Piqued by a mountain of losses, Rockies push Baylor from dugout

SportsBaseballColorado RockiesMontreal ExposMilwaukee BrewersMiami MarlinsMike Lansing

The first casualty of the Colorado Rockies' losing season was Don Baylor-- the only manager the team has had in its six seasons.

"After a long, thorough and very difficult evaluation, we feel a change inchemistry is necessary on the field and in the clubhouse," owner JerryMcMorris said yesterday after firing his manager.

Despite the high-priced additions of pitcher Darryl Kile and secondbaseman Mike Lansing, the Rockies finished 77-85 -- their first losing seasonin four years.

"Major-league baseball has enjoyed a remarkable 1998 season, but all of usat the Rockies have been very disappointed in our own season," McMorris said."We didn't play like we expected to play."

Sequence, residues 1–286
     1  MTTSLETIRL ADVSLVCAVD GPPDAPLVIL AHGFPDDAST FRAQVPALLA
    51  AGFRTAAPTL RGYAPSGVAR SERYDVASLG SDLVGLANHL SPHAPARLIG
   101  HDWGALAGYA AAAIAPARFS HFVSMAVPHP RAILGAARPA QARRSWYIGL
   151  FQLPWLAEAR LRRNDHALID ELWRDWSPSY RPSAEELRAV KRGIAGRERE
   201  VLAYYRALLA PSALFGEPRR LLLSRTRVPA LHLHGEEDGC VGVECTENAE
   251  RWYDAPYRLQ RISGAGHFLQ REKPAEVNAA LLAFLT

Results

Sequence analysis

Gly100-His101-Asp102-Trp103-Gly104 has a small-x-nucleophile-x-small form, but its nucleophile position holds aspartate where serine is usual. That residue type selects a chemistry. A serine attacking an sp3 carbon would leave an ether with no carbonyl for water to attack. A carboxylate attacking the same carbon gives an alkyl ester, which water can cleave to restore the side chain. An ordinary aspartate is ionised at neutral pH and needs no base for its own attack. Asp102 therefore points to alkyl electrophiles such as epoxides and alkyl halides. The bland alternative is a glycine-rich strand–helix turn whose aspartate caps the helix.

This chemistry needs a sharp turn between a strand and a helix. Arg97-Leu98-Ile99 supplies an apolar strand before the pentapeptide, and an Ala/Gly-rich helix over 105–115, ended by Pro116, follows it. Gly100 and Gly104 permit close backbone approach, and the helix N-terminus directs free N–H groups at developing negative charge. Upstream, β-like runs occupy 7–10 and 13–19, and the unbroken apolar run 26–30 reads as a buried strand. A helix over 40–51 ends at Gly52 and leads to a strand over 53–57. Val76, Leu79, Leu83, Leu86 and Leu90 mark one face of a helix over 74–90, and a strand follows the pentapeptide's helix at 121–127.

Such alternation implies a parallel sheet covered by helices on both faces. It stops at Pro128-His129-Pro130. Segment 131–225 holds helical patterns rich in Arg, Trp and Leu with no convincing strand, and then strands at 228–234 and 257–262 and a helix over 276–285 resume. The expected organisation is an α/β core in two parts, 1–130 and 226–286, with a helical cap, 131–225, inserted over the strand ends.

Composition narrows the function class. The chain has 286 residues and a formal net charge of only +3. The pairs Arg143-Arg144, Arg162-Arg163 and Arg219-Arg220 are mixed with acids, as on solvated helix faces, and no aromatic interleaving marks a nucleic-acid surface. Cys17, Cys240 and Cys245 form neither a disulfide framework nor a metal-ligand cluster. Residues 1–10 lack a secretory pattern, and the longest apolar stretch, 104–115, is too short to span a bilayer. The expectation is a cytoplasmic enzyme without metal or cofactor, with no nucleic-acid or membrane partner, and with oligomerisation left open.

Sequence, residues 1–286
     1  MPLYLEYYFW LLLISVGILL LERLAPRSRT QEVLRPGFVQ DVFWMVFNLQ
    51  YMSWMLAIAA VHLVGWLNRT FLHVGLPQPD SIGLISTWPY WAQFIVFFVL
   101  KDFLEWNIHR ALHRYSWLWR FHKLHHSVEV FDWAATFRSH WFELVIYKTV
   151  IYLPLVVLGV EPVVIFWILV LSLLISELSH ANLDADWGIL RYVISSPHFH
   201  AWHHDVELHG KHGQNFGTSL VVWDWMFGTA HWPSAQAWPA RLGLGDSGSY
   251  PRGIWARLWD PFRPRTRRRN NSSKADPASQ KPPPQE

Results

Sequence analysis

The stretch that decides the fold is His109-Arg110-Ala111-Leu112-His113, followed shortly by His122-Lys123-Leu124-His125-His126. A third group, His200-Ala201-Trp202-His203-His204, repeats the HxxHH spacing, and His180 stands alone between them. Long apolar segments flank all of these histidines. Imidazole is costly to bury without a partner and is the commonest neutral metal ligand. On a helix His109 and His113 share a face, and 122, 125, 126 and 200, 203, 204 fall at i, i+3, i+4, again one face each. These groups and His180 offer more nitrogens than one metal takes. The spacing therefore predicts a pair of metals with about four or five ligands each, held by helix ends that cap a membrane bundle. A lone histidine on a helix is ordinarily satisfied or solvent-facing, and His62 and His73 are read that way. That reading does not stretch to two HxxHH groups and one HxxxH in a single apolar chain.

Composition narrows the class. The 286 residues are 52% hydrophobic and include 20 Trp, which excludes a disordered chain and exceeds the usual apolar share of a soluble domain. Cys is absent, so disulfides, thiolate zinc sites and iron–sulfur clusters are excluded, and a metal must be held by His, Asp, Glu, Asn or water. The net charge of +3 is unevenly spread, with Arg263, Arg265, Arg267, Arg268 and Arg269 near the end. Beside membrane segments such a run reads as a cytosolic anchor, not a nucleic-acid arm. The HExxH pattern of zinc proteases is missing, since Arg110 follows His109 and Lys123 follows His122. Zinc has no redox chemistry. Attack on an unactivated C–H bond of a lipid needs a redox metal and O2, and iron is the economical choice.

Baylor, 49, a former Orioles outfielder, led the Rockies to a 440-469record. He was offered a position as vice president, reporting directly toMcMorris, but he did not immediately accept it.

With Baylor as the manager, the Rockies won 67 games in 1993, the most fora first-year NL team. They earned the NL wild-card playoff berth in 1995, thequickest an expansion team has made it to the postseason. The Rockies went83-79 in both 1996 and 1997 but slipped back this season.

Both Baylor and Bob Gebhard, the general manager since the Rockies'inception in 1993, were criticized all year after an eight-game slide in earlyApril.

Although Baylor will not return to the dugout, Gebhard will be back in thefront office. McMorris said the team also will create a vice president'sposition with broad player personnel responsibilities.

Among those reportedly being considered to replace Baylor are the FloridaMarlins' Jim Leyland, Montreal Expos' Felipe Alou and Milwaukee Brewers' PhilGarner.

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